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Esperanto for non-European languages

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Sprachprofi
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Germany
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Speaks: German*, English, French, Esperanto, Greek, Mandarin, Latin, Dutch, Italian
Studies: Spanish, Arabic (Written), Swahili, Indonesian, Japanese, Modern Hebrew, Portuguese

 
 Message 1 of 16
22 November 2010 at 4:04pm | IP Logged 
Ever since studying Swahili, I have been amazed at just how many of Esperanto's
structures allow me to understand features in languages that Esperanto is in no way
related to. Let's try to collect them here, for the sake of Esperanto-speaking
polyglots.

To be clear: I am looking for features of non-Romance non-Germanic languages which
resemble Esperanto's features without at the same time resembling typical features of
Romance or Germanic languages. I. e. features that would be new and alien and possibly
difficult to you if you didn't know Esperanto.


Ancient Greek
Participles not available in modern European languages but available in Ancient Greek
and Esperanto: past-active, present-passive, future-active (available in Latin) and
future-passive


Arabic
-a = -ino = for female family members, female professionals etc.
    جَدّ = avo = grandfather --> جَدَّة = avino = grandmother
m...a = -ejo = for places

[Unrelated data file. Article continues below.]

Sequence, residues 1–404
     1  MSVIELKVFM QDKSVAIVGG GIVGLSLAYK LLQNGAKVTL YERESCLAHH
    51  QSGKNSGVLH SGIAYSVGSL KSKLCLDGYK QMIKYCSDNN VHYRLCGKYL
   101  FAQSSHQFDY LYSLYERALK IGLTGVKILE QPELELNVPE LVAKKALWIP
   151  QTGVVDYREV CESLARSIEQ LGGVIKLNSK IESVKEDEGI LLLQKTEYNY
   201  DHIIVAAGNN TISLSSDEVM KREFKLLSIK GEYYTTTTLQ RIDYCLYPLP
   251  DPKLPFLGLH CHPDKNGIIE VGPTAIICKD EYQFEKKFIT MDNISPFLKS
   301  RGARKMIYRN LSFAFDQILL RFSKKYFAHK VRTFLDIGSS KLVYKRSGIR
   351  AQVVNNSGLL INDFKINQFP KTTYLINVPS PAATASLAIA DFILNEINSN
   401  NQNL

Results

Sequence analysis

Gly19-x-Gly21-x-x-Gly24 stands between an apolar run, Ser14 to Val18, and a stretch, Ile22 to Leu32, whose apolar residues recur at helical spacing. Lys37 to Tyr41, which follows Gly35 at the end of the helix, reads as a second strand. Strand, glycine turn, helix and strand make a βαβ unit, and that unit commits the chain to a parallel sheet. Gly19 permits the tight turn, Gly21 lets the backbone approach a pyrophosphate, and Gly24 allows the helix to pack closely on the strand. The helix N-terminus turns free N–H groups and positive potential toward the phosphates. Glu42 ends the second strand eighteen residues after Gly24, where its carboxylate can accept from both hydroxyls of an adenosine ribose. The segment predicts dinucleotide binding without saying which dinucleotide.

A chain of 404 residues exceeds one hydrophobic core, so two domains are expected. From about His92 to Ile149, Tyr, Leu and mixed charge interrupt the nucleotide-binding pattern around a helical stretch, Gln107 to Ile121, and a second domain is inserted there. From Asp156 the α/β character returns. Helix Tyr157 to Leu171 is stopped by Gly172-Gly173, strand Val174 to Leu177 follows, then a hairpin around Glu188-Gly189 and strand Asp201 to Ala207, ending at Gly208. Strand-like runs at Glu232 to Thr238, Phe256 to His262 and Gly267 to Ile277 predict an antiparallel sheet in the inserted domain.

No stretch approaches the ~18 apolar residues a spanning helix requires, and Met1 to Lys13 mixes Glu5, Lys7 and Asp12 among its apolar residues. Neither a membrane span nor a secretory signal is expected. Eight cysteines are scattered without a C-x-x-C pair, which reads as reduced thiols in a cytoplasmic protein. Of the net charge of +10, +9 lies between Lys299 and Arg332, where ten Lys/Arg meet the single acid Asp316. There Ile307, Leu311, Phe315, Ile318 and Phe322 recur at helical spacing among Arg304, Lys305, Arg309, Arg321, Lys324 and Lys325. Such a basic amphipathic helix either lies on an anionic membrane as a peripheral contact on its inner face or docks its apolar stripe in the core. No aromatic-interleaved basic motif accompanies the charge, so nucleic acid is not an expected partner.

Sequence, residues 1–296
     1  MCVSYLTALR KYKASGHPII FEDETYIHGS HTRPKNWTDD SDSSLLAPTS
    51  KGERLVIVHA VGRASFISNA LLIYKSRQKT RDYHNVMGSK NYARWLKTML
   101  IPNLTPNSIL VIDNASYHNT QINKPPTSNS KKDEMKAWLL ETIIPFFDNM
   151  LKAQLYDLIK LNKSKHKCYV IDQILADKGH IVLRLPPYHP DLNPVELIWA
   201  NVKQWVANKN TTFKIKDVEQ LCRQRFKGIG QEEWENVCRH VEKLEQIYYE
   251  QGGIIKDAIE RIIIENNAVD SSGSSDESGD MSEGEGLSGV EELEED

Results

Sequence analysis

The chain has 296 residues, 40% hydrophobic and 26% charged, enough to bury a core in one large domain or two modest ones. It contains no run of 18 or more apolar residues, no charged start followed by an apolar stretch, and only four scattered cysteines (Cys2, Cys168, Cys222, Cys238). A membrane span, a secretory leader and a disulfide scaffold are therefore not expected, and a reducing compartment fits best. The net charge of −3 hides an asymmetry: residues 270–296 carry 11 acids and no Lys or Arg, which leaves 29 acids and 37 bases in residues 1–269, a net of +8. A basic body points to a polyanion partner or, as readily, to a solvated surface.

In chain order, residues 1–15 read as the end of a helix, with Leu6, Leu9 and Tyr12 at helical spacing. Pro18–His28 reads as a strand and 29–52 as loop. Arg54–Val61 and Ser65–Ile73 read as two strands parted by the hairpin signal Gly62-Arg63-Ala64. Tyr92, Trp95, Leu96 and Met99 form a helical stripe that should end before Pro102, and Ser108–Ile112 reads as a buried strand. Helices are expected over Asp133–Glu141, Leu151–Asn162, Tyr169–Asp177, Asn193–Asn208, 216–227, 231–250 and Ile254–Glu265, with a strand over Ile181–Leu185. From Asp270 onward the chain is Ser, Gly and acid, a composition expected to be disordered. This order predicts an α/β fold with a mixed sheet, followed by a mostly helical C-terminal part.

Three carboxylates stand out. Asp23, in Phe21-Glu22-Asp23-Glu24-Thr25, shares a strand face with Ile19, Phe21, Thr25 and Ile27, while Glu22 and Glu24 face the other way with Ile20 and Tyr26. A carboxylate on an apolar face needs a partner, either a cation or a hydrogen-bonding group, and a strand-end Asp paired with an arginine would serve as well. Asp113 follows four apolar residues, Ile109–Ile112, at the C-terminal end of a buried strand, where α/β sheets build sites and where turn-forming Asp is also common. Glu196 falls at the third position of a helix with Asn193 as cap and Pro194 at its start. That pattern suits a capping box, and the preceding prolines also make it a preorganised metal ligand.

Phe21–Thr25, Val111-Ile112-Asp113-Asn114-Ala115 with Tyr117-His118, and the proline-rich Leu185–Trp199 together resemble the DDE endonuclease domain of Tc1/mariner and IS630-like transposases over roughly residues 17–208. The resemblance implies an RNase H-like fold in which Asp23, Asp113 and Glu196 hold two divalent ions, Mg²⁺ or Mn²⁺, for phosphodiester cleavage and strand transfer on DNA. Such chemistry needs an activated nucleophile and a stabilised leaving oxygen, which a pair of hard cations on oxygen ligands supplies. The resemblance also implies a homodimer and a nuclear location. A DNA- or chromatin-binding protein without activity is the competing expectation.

دَرَس = lerni = to learn   --> مَدْرَسة = lernejo = school


Chinese (Mandarin)
爱- = -ema = a disposition or tendency
    怀疑 = dubi = to doubt --> 爱怀疑的 = dubema = (hard to translate, "not
trusting"?
numbers (up till 9999)
    三百十五 = tri-cent dek kvin = three hundred fifteen
certain word constructions
    国 = lando = country --> 外国人 = ekster-land-ano = foreigner

Finnish
-ema = -lias
   puhe (speech) -> puhelias (talkative)
   antaa (to give) -> antelias (generous)
   uni (sleep) -> unelias (sleepy)
   kipu (pain) -> kivulias (painful)

-igi = -taa/-ttaa
muu (other) -> muuttaa (to change)
   vapaa (free as in freedom) -> vapauttaa (to free)
   kirja (mark, pattern) -> kirjoittaa (to write)
   herätä (to wake up) -> herättää (to wake somebody up)
   asua (to live, reside) -> asuttaa (to populate, colonize)


Swahili
ki- = -eta = makes things smaller
    karatasi = papero = papero --> kikaratasi = papereto = little paper
ma(ji)- = -ega = makes things bigger
    buibui = araneo = spider --> mabuibui = araneego = big spider
       macho = okuloj = eyes --> majicho = okulegoj = big eyes

u- = -eco = for generalised nouns